"There will be a change of king in Spain but there won't be a change in the Catalan political process, which will bring us towards a free vote (on the issue of independence) on November 9th."
These were the uncompromising words of the President of Catalonia Artur Mas shortly after King Juan Carlos announced his resignation on Monday — just the latest salvo in a long-running dispute between the region and Spain's central government in Madrid.
Mas and his political allies are determined to hold a non-binding vote to test support for independence for a region with 7.5 million people, a move deemed illegal by the Spanish Parliament.
The Catalan powers-that-be say it doesn't matter who the King of Spain is, and that Monday's abdication by an ailing 76-year-old is immaterial.
Àngel Casals, professor in modern history at the University of Barcelona agrees.
"Some people in Catalonia are playing a game of wait and see after the king's departure," Casals told The Local.
"Others — left-wing groups, but not necessarily pro-independence — believe this is the right moment for a referendum on the future of the monarchy.
"But for the majority of people of people in Catalonia, the King's abdication is not really of pressing concern. They feel the independence movement has its own trajectory and will go ahead regardless."
Spain's King Juan Carlos praises the people of Catalonia in Catalan in 1976.
The popularity of King Juan Carlos in Catalonia has taken a beating in recent years.
Some of the reasons for this are the same as those seen in the rest of Spain. People have turned against the monarch in the wake of corruption scandals including an infamous luxury hunting trip in Botswana and allegations that his daughter Cristina was involved in the embezzlement of funds destined for a charity sports institute.
But Catalans also have their own reason for resenting the outgoing king.
Chief among these is his failure to speak out against the 2006 Statute of Autonomy of Catalonia, a document which handed control of the region's tax revenues to Madrid, and which has been the source of friction between the two parties ever since — particularly since Spain's crisis began in 2008.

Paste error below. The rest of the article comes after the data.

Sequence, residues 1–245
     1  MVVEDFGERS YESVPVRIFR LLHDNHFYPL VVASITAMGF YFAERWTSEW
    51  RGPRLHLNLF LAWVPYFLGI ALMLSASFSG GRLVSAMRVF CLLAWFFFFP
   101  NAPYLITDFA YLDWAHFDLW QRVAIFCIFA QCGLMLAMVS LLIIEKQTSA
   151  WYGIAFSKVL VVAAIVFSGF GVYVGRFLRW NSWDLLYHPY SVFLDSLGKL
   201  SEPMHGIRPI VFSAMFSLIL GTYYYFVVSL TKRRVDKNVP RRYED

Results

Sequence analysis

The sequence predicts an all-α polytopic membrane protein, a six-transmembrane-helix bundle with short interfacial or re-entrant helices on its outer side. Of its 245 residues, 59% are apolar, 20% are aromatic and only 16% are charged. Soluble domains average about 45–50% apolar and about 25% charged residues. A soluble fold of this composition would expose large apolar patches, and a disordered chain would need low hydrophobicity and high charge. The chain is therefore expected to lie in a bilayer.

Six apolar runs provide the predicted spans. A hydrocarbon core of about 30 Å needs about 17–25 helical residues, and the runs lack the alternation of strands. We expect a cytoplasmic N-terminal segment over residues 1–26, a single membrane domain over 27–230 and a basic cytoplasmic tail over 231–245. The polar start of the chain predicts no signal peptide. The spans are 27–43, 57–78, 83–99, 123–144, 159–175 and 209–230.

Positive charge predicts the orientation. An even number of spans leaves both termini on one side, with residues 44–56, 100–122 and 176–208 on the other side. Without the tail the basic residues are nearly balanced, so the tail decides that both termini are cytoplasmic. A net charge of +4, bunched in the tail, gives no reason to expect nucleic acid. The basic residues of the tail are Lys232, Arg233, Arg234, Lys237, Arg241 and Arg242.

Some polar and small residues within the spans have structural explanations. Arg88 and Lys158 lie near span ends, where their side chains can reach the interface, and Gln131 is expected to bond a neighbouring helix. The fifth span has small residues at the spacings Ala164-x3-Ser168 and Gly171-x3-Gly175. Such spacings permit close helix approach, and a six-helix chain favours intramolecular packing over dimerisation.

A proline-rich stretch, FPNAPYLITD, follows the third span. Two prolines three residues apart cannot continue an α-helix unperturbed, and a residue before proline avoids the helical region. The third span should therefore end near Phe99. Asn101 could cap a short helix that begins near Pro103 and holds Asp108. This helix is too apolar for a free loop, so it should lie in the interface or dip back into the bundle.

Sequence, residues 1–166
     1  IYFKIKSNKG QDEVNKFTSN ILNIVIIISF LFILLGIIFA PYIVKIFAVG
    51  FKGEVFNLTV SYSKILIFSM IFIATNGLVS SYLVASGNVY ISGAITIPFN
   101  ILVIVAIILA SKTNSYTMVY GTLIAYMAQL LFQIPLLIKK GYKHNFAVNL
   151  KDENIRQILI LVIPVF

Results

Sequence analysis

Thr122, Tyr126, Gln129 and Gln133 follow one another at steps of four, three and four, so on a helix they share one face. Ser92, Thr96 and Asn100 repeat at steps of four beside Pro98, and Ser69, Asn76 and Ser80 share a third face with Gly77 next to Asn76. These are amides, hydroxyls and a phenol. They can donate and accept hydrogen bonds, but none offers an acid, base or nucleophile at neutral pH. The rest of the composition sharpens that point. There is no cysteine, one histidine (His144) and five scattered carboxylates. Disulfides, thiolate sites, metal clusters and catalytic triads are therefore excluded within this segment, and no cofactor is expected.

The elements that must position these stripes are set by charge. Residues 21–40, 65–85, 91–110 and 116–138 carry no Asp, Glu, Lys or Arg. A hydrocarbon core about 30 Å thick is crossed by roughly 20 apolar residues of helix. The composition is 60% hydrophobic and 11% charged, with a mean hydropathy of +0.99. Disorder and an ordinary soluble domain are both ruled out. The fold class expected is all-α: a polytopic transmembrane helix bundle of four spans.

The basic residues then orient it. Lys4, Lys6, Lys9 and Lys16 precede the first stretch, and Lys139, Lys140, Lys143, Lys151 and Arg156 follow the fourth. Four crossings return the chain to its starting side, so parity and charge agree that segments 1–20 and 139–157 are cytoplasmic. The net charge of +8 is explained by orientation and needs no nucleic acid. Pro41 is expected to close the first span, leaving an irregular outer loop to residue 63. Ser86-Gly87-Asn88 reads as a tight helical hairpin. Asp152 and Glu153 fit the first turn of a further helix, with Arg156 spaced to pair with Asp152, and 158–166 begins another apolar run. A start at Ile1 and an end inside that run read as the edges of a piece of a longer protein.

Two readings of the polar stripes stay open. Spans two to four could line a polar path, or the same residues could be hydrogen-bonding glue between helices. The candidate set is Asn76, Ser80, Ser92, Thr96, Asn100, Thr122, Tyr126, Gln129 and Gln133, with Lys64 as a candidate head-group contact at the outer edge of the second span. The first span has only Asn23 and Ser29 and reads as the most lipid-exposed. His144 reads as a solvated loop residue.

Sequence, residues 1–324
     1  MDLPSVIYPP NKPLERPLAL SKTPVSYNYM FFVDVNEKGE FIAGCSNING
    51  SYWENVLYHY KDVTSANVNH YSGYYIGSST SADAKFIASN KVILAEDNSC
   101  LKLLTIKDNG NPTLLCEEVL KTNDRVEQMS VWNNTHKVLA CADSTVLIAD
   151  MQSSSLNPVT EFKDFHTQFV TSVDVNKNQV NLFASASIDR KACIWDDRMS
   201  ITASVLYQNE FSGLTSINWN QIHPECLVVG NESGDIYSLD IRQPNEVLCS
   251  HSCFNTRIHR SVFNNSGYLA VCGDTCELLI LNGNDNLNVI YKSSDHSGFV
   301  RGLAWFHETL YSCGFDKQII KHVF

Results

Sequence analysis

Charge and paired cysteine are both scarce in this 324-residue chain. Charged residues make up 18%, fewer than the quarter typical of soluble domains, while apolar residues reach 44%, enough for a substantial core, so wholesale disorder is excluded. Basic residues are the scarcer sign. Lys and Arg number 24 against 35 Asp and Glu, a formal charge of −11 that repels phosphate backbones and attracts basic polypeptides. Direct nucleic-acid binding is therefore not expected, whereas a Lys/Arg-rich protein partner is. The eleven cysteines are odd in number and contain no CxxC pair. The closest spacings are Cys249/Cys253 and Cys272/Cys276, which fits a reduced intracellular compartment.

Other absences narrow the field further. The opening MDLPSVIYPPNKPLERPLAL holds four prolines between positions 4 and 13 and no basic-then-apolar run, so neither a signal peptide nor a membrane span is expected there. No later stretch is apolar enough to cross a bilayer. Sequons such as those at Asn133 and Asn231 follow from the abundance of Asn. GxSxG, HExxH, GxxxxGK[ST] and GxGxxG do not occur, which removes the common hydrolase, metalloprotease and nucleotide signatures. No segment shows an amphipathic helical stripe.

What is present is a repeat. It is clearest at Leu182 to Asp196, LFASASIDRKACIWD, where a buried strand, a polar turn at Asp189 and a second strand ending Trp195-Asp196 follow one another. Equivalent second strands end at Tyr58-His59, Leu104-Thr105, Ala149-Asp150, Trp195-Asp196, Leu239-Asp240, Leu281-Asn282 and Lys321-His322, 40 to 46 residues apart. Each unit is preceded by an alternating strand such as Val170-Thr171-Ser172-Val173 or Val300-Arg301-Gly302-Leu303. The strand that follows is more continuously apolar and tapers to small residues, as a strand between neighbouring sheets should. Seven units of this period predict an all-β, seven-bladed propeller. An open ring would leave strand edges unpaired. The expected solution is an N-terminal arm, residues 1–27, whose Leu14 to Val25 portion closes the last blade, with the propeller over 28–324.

King Juan Carlos also landed himself in hot water in 2001 when, during an awards ceremony, he declared that "nobody was ever forced to speak Castellano (Spanish)".
This did not go down particulary well in a region where people were persecuted for speaking Catalan as recently as under the rule of dictator Francisco Franco.
"It wasn't always like this in Catalonia though," the historian Casals explains.
"There was a time when Catalans thought they had a good understanding with Juan Carlos. His popularity was very high after the (failed) 1981 coup (when agents with Spain's Civil Guard attempted to take control of the country). And the 1992 Barcelona Olympics were also a high point."
Adding to the close relations between the royals and Catalonia was Prince Cristina's marriage to Iñaki Urdangarin in Barcelona.
The couple even lived in the Catalan capital, making her a kind of 'Catalan princess'.
Casals also points out that the king spoke Catalan when he came to Catalonia, and had a number of friends in the region which provided a bridge into the culture. But those friends have been disappearing with time.
"Now there is a disconnect between King Juan Carlos and the people of Catalonia. Basically he is seen as someone who representes the interests of 'Spanish' businessmen in the region — businessmen with contacts in Madrid not enjoyed by most Catalans"
Is there any chance Prince Felipe could improve relations between Catalonia and Madrid, perhaps even turning the independence tide?
For Casals, the answer is a clear no: "Felipe and (his wife) Letizia were booed at a theatre in Barcelona last year.
Prince Felipe and his wife Letizia receiving a hostile reception in Barcelona in 2013
"Catalans don't feel any need to respect (the king's son). While his father helped Spain become a democracy (after 40 years under the dictator Francisco Franco), people here say Felipe hasn't done anything yet."
The Barcelona-based historian also believes there is no time for Felipe to make a difference to the outcome of a November independence vote in Catalonia — if it goes ahead. The summer political recess is coming up and nothing happens in August in Spain, so time is short.
"For me, the king's abdication is a case of 'changing the person so as not to change anything else.
"Felipe won't make any major changes. The royals are, after all, conservatives by nature."